I enjoyed meeting so many energetic educators at the SDE 2017 Summer Conference. Here are summaries of the four sessions I presented.
Success with Intentional & Interactive Shared Reading
We used Probable Passage to set a purpose for reading. Start by giving students about a dozen words that are critical to understanding the text. Ask them to sort those words into categories. For narrative text, the sorts might be CHARACTERS, SETTING, PROBLEM, and SOLUTION. For informational text, ask students to sort based on which question the word might answer: WHO, WHAT, WHEN, WHERE, WHY, or HOW.
Be intentional about the instructional focus and the text. Prepare the shared reading by selecting an instructional focus that addresses grade-level standards and student data that indicates where students need support. Share the instructional focus with students so that they know WHAT they are learning and WHY they are learning it.
Once you know your instructional focus, select a text that supports it. Prepare the text by 1) reading it and dividing it into digestible chunks; 2) writing questions or prompts to share with students at designated stopping points; and 3) noting next to each question or prompt an appropriate response format that will encourage all students to respond. For example, if you ask a recall question, use a format like Equity Sticks. However, if the prompt requires more strategic reasoning, invite students to collaborate with designated partners or small groups.
After the initial reading, identify excerpts from the text that warrant a closer look and possibly deeper discussion. Give each partnership or small group one section and ask them to answer two questions. What is the author doing? What is the author saying?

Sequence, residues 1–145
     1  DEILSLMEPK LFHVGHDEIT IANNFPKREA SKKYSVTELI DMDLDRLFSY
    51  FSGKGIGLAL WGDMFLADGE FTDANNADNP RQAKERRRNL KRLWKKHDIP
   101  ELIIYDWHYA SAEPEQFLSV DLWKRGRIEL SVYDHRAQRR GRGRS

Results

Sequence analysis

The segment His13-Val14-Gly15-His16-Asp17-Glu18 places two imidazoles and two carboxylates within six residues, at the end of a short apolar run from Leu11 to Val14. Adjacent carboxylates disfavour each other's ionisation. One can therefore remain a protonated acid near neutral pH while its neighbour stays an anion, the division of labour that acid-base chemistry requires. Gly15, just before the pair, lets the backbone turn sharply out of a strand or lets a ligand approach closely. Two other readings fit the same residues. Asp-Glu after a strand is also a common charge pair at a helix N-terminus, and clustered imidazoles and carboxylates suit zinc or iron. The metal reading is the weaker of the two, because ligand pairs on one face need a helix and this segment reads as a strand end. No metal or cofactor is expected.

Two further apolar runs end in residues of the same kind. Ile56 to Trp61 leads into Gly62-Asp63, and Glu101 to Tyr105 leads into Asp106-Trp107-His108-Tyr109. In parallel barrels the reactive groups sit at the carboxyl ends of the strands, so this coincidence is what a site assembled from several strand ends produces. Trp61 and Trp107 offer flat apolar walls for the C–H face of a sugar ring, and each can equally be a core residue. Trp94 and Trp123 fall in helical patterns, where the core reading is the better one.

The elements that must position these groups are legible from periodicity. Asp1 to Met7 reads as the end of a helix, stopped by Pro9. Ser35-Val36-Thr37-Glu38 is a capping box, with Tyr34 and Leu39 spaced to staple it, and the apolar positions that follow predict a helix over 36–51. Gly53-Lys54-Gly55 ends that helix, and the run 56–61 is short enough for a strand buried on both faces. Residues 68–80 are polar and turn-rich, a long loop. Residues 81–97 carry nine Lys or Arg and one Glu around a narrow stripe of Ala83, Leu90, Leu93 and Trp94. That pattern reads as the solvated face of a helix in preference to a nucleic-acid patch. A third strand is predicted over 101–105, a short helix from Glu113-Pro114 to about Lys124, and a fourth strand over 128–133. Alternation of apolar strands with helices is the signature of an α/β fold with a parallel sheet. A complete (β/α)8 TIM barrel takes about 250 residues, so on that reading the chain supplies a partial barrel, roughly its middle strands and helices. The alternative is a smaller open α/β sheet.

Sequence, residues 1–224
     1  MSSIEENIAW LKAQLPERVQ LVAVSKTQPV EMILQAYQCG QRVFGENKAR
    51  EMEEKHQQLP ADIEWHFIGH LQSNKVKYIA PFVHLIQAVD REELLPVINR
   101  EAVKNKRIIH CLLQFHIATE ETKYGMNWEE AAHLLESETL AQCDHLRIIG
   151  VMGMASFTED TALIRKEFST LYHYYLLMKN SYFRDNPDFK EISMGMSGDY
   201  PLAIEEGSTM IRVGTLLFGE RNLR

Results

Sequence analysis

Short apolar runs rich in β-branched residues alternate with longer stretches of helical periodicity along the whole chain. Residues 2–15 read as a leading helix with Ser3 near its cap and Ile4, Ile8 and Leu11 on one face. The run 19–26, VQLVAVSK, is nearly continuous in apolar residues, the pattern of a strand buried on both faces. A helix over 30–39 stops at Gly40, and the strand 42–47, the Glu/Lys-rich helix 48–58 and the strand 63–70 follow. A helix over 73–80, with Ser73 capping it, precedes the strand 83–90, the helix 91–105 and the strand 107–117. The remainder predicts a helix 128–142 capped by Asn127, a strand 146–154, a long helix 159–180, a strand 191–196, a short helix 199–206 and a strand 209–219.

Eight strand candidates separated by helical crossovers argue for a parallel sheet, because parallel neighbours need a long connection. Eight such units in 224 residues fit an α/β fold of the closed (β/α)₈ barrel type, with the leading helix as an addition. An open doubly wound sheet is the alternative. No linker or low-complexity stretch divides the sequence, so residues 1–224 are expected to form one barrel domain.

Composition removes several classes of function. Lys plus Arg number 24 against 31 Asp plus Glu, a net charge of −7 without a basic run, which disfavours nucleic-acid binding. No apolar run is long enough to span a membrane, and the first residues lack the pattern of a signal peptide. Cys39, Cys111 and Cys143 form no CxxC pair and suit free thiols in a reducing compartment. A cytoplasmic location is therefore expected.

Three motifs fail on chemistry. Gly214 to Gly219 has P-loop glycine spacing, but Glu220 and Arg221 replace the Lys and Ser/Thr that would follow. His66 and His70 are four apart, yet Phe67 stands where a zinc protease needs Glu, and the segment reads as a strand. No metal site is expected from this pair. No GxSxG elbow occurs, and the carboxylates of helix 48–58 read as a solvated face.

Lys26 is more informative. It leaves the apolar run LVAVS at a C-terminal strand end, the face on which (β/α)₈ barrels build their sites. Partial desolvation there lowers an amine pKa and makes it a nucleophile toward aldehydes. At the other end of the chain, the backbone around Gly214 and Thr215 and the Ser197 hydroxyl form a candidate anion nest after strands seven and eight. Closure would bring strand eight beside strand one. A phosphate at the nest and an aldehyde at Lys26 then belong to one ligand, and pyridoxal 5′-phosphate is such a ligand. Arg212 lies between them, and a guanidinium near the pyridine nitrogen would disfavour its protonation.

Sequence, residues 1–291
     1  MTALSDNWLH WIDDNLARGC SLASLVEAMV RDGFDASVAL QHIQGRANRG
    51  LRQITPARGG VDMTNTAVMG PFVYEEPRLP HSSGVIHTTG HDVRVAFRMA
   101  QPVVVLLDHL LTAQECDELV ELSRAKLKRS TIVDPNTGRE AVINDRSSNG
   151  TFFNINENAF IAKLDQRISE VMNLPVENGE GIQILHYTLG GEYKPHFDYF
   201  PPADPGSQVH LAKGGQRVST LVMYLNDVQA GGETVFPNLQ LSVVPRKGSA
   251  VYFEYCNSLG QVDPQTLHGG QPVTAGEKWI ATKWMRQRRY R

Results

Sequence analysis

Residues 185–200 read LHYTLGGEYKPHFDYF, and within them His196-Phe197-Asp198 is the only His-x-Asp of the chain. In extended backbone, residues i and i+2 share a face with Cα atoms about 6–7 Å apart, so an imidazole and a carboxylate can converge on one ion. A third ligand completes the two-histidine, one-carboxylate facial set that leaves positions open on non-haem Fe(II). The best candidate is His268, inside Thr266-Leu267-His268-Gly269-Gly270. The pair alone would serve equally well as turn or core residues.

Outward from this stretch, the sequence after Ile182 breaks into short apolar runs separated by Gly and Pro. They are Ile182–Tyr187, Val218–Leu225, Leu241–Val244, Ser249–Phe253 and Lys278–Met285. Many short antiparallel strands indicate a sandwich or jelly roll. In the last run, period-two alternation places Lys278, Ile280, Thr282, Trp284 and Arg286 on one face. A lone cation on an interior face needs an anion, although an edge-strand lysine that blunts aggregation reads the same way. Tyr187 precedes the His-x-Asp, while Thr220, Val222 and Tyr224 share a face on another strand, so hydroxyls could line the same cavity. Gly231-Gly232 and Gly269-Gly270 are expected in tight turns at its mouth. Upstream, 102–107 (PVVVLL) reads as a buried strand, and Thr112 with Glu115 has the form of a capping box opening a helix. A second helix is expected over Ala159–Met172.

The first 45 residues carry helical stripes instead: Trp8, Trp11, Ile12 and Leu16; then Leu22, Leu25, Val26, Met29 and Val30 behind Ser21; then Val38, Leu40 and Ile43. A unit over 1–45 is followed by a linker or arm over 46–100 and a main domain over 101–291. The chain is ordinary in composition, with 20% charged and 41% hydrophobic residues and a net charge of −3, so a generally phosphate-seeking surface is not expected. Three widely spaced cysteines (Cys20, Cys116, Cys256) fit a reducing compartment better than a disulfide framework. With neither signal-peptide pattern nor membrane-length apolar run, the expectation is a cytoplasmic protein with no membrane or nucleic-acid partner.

To encourage students to think beyond “the author writes” or “the author says,” share with them a list of actions many authors “do” when writing. Perhaps this list could become an anchor chart and grow in your classroom as students discover other actions authors are doing in their writing.
$1.50 Summary is a great way to help students quickly and succinctly summarize what the author is saying. Each word costs ten cents, so students must negotiate words as they try to encapsulate the big idea of their assigned excerpt. Engage students in a gallery walk to share their closer readings of the text.
Bring your shared reading full circle by returning to the words you gave students for the probable passage. Ask them to now use those words to talk and then write about the text.
Building Content Knowledge with Purposeful Curiosity & Deliberate Dialogue
We began this session by exploring the difference between diversive and epistemic curiosity. Diversive curiosity is surface level. Our students often satisfy it by looking up the answers on the Internet or waiting for the teacher to explain. However, epistemic curiosity is much deeper. It often encourages students to ask questions beyond what the text or teacher can tell them. Each new question inspires more questions and possibly more authentic research. Epistemic curiosity invites higher order thinking and academic conversations that go beyond a simple turn and talk to your neighbor.
We used the Question Formulation Technique to stoke deeper curiosity within our lesson. Here are the basic steps of QFT.
We practiced conversational moves to create, analyze, and evaluate our questions.
With questions in mind, we can read the text and look for evidence to answer our questions. We discussed the three ways students can integrate the author’s writing into their own writing.
Focused Feedback for Focused Instruction
We discussed the major components of good feedback: Feed Up, Feedback, and Feed Forward.
We practiced a few quick ways to check for understanding and get the feedback we need to feed forward a new lesson.
We explored a step-by-step paraphrasing process to teach students how to paraphrase:
Read the sentence or phrase.
Find words to substitute with synonyms. (Use a thesaurus if necessary.)
Use the synonyms to first talk, then write about the sentence or phrase.
Change the sentence structure for true paraphrasing.
The New Accidental-on-Purpose Class Experts
We used the concept definition organizer to define what we meant by expert.
We also explored a back-to-school idea for inviting students to articulate their own areas of expertise.
Thanks again for a wonderful conference. Remember to Keep It Simple and Strategic.